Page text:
Yule – Christmas’ Pagan ancestor

The 21st December is the Winter Solstice, which traditionally marks the beginning of Yule, a pre-Christian festival still in part celebrated in Scandinavian and Germanic societies. Whilst it’s easy to get wrapped up (pun intended) in the jollities and frivolities of Christmas, we thought we’d take a moment to look at its distinctly pagan roots…

Odin by Carl Emil Doepler (1824-1905)

Like with many pagan beliefs, Yule is centred around the sun. The modern word ‘Yule’ has a few possible etymological origins; in Old Norse Jól or Jul could refer to a feast to the sun, and formed part of one of the many names given to the chief god Odin who was often known as the Jólfadr or Yul-father due to his strong association with the sun. It could also be used as a general term attributed to the gods associated with the Yule festival – the Jólnar or ‘Yule-Ones’.

In Anglo-Saxon, the word hwéol is attributed to meaning ‘wheel’, and was associated with the ‘wheeling points’ that the sun travels through throughout the year (the summer and winter solstices being two such points). In addition, géol or geōla, was the name attributed to a month of the year which fell between modern December and January… So you can see, it’s hard to pin the etymology down for sure!

Yule and reverence to the sun

Though the possible origins of Yule may be varied, in Germanic, Celtic and Saxon societies, the significance of the Yule period and the celebrations attributed to the festival are all broadly the same. Rather than being observed on a single day, Yule begins on the Winter Solstice, and lasts from 12days to a month, depending on the belief system. Interestingly, though the Winter Solstice normally falls on the 21st/22nd December in our modern calendar, under the Julian Calendar (named after the emperor Julius Caesar), the solstice actually fell on the 25th December itself.

Die Gartenlaube (1880) Illustration of an ancient Nordic Yule Festival

For early societies, December was a bleak and uncertain time of the year, and the fear that the sun may not return unless appeased drove the practices associated with Yule. On the solstice and the 12 days following, Celts welcomed the ‘new’ sun, though its arrival was by no means guaranteed. This was a time to pray to the Yule deities to ensure the sun’s return, and that it would bring with it fertile and bountiful lands in the year to come. Feasts were thrown, and fires lit to symbolically ‘recall’ the sun.

The Yule Log

The most well-known tradition associated with Yule involves the ‘Yule Log’, though unsurprisingly, this hasn’t always been made of chocolate like the version that many enjoy today. During the 12day period of Yule, Celtic tribes believed that the sun stood still in the sky, and it was tradition to keep a Yule Log burning to coax it back into moving again, as well as to conquer the darkness and banish evil spirits. Anglo-Saxon tales of the Yule Log, or geolstocc, attest to whole tree trunks being used as the ‘log’, which were progressively fed into the fire as they burnt down. The end of each year’s log was kept in order to light the log in the following year. This, along with the ashes from the log, were kept in order to ward off a range of misfortunes from toothaches and chilblains to hail and even lightning!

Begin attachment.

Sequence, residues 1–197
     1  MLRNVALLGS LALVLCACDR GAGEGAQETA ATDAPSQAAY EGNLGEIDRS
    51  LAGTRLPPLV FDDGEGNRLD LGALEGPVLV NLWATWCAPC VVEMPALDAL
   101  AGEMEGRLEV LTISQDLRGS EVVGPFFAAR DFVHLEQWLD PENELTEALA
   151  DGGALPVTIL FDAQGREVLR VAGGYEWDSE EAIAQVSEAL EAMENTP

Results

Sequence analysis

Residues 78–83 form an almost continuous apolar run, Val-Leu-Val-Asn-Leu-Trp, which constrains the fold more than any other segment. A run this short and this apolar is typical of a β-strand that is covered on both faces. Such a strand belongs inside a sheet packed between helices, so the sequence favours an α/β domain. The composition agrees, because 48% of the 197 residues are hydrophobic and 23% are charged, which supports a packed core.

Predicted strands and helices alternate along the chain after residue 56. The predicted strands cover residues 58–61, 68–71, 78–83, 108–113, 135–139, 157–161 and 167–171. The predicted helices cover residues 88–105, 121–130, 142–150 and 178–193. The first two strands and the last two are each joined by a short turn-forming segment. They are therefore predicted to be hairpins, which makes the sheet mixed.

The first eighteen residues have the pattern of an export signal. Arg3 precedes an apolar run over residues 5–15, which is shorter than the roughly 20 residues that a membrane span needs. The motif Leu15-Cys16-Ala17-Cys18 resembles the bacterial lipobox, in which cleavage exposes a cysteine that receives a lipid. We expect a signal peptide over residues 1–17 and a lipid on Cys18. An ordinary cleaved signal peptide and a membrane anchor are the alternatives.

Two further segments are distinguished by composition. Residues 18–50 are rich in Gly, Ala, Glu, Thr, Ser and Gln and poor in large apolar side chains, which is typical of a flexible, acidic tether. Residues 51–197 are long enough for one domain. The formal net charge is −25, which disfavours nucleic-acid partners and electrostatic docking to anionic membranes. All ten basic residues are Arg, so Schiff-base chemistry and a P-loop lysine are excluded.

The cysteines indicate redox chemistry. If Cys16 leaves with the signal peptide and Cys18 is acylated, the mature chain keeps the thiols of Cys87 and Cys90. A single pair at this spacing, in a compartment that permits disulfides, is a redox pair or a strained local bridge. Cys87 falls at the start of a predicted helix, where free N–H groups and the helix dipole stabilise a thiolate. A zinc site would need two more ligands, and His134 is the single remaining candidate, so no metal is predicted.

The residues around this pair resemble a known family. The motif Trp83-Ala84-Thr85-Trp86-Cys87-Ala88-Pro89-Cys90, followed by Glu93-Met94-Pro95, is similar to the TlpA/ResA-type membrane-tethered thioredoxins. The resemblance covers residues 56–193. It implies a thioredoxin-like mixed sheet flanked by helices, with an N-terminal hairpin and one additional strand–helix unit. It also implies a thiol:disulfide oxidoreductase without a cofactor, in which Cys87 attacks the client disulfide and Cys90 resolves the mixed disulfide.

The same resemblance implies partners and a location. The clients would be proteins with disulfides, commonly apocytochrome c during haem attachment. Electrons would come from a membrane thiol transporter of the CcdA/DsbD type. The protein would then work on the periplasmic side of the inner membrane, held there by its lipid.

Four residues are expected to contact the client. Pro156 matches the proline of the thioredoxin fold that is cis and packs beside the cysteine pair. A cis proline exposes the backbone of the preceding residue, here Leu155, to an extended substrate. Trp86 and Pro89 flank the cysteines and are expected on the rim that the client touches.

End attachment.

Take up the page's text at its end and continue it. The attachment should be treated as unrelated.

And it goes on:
Other practices that we’re familiar with today included bringing evergreens, such as holly, ivy and mistletoe, into the home as a reminder of the return spring and new life in the new year. Mistletoe in particular was hung above doorways as a symbol of hospitality and to ward off evil spirits.

Wodan’s Wilde Jagd (Wild Hunt) by F. W. Heine

The ‘Wild Hunt’

For both Norse and Anglo-Saxon societies, certain gods (like the Jólnar mentioned above) were associated with Yule. The chief god Odin (or Woden in Anglo-Saxon) was believed to lead a host of other deities on a ‘wild hunt’ across the night sky, which would carry away the souls of the dead, along with any unsuspecting members of the living if they strayed too far from the hearth at night! Sacrifices were therefore made to ensure the safety of the household, and a ‘Yule Boar’ centrepiece was often part of Yule feasts as a symbolic recognition of the hunt.

Introduction of Christianity

With many pagan traditions such as this, however, the introduction of Christianity ensured that Yule began to take more of a back seat in December celebrations, though references to Yule or ‘Yuletide’ are found peppered throughout history. In Robert Herrick’s book ‘Ceremonies for Christmas’ written in the late 16th century, he makes reference to the Yule Log, saying:

“Come, bring with a noise,
my merry, merry boys,
the Christmas log to the firing”

Yule Log from Robert Chamber Book of Days 1864

Victorians were also keen on the idea of the Yule Log, bringing albeit smaller versions into their homes to burn for 12hours, rather than the 12days as originally practiced. Christmas Trees also became popular in England in this period, the origins of the practice developing from the importance of evergreens in pagan Yule festivities. As for the cake form of the Yule Log, it’s recorded as early as the 19th century, first appearing in the bakeries of Paris.

You may not recognise Yule itself, or celebrate the birth of a new year at the solstice, but elements of the festival will certainly be present in your home. Whether you go for that chocolatey dessert, decorate a Christmas Tree, or have greenery (the real deal or representations) around your home, these elements can all be traced back to this pagan festival celebrated long before Christmas…


However you celebrate the festive season, we wish you a happier and healthier 2021!